Last year we had him at No. 33 on our Top 50. And in SLAM’s rigorous, albeit slightly less than scientific assessment of statistics and contextual factors, Drummond has taken two steps forward as we anticipate him to perform like the 31st best basketball player in the world. Will Drummond fall victim to the old adage and take a step back? The journalistic brain trust within the SLAM Dome suggest otherwise!
It’s been six years since they have made the Playoffs but, in this upcoming season, Detroit promises to take from its yuletide gift of winning to unwrap more victories toward a substantial Playoff run.
By virtue of Greg Monroe leaving, Drummond will either be offensively exposed or more likely rise to the opportunity. During the offseason, the Pistons made Reggie Jackson their highest-paid player and drafted forward Stanley Johnson. Both young players are solid passers with court vision and possess an effective three ball within their arsenal.
These virtuous skills complement Drummond’s abilities by spacing the floor and creating single coverage mismatches for big number 0. As was with Jennings (and will be again), all three can play the pick and roll with Drummond at a dangerously high and consistent level.
Newly acquired Forwards Danny Granger and Marcus Morris will both be playing with chips on their shoulders as well. In sum, the Pistons are a very young team with grit, passion and a vibrant leader at the center.
The case to support this thesis on Andre Drummond begins with his history and his upside. Each are quantitatively and qualitatively formidable. A humble man, Drummond told me that he considers it an honor to be on SLAM’s Top 50 list, and has the upmost respect for those projected behind and ahead of him.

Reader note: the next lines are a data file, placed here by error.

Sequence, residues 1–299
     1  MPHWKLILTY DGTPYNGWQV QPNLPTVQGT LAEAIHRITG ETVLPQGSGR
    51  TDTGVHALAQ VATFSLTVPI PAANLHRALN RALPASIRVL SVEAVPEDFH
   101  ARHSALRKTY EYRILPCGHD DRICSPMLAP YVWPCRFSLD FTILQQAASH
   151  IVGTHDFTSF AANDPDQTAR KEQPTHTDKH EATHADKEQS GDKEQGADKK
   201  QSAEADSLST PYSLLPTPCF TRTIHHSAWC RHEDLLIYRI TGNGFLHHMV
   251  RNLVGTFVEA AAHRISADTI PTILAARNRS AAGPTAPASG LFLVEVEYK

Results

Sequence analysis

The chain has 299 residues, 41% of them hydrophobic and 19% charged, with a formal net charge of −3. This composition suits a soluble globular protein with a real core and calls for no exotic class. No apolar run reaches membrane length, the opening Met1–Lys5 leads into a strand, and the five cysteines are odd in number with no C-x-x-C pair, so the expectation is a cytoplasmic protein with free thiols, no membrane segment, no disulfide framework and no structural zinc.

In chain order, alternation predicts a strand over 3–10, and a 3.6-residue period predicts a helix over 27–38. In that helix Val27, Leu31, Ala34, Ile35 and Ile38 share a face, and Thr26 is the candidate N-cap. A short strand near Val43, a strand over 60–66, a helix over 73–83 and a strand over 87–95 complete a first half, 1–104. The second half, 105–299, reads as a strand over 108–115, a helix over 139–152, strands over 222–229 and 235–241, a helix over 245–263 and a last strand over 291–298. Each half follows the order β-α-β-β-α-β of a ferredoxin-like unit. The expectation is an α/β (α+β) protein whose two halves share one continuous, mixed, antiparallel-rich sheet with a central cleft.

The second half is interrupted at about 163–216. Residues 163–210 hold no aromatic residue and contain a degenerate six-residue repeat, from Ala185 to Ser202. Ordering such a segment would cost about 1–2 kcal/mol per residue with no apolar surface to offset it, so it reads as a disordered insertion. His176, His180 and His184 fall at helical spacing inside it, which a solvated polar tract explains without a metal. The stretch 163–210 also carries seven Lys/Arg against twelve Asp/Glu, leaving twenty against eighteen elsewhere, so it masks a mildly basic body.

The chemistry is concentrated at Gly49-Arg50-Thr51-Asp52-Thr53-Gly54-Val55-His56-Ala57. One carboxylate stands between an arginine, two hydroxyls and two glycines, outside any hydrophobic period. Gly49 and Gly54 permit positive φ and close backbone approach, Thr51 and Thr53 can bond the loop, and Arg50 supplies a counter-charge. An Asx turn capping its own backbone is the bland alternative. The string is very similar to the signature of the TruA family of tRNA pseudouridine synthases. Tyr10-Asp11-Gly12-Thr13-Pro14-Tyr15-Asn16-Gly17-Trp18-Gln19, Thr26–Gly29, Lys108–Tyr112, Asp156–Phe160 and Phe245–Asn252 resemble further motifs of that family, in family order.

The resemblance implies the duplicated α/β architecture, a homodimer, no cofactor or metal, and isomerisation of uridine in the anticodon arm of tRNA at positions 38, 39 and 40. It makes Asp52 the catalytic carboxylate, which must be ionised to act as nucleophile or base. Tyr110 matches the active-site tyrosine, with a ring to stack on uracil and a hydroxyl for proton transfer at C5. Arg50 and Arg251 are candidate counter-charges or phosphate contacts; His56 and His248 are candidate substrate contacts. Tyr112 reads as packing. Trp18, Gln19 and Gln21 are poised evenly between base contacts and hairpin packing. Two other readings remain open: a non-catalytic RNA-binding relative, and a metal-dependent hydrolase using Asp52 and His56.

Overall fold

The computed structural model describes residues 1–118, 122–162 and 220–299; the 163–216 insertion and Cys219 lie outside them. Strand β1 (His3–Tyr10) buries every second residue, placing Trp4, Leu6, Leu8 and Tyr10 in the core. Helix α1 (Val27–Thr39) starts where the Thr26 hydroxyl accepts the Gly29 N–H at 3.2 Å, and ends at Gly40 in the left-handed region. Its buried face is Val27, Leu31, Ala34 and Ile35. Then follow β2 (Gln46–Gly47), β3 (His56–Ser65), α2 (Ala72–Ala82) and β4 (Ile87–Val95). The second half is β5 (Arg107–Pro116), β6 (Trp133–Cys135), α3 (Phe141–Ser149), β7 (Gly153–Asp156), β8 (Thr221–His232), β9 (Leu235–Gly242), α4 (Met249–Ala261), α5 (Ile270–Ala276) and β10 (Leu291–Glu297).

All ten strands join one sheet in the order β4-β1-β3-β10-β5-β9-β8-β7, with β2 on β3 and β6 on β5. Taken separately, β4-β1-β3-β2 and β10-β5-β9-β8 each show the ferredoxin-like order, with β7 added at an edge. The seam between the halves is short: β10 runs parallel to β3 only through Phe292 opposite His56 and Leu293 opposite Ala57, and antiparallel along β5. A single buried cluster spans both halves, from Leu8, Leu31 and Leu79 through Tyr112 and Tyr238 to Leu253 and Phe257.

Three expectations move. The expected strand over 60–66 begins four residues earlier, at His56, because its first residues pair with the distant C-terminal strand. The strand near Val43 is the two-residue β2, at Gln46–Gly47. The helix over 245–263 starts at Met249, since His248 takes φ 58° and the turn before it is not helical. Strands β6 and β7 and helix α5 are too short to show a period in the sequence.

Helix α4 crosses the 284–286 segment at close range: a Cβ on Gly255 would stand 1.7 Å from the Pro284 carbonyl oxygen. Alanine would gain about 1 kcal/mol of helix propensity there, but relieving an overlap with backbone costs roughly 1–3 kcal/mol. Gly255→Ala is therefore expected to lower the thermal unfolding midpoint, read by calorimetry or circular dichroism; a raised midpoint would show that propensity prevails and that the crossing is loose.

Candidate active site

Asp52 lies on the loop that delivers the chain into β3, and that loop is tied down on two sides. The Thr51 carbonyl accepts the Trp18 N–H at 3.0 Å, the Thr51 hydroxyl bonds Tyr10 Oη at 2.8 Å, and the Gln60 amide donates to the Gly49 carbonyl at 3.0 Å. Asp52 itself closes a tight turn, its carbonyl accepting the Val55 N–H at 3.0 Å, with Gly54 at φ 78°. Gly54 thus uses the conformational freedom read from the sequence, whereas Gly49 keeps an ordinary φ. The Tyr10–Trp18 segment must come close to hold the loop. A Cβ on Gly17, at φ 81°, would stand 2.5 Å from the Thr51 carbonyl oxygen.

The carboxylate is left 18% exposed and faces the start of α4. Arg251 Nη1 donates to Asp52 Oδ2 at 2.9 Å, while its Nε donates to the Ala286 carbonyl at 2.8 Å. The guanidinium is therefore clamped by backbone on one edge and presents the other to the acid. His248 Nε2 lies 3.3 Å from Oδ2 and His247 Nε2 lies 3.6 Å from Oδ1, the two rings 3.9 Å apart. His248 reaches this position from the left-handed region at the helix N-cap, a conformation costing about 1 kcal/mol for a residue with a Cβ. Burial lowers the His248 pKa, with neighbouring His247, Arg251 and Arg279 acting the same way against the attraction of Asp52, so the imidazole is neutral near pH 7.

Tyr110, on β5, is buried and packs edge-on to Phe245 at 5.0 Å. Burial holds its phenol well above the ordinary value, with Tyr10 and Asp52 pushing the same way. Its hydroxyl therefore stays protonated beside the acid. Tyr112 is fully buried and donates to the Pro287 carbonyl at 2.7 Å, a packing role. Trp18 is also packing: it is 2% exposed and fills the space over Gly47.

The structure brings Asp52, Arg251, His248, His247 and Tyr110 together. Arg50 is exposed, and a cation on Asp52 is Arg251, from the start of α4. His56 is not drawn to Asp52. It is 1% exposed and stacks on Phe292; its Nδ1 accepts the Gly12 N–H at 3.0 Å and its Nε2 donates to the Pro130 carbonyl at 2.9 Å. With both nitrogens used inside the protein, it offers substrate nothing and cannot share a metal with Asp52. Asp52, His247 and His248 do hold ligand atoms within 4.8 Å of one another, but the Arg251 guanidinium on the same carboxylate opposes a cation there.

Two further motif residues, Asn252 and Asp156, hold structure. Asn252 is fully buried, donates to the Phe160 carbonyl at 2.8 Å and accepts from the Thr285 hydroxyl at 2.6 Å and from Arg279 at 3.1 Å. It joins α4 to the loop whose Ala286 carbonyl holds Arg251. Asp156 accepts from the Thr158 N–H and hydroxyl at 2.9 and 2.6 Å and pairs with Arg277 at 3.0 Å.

But as a driven athlete, he also shared that he is not complacent to be #31 and indicated that his game will reflect his moving up on the list.
It must be reiterated that Drummond is very young in real life chronology and perhaps not that much older in basketball years. He has to this point avoided the trappings of celebrity but can’t hide from youth (as the now infamous Instagram of him driving 96 mph reveals). The starting center of the Detroit Pistons can occasionally be silly, but he is also extremely cerebral.
During the offseason, Drummond spent the first part of his summer in Connecticut finishing up his theater arts degree at UConn (he plans to graduate next year) where he excelled in drama and studied improvisational theatre.
He then returned to Motor City to put in work with his teammates while continuing to take improv acting class. He offers, “The greatest statements are often never scripted and frequently improvised.”
Drummond tells me of a theatre experience where the exercise did not allow for words but rather only a nod of the head. For the next eight months, rhetoric will once again be less important for Drummond as his actions will speak volumes. We think that those in NBA arenas across the country will be nodding yes.
|SLAM Top 50 Players 2015|
Rankings are based on expected contribution in 2015-16—to players’ team, the NBA and the game.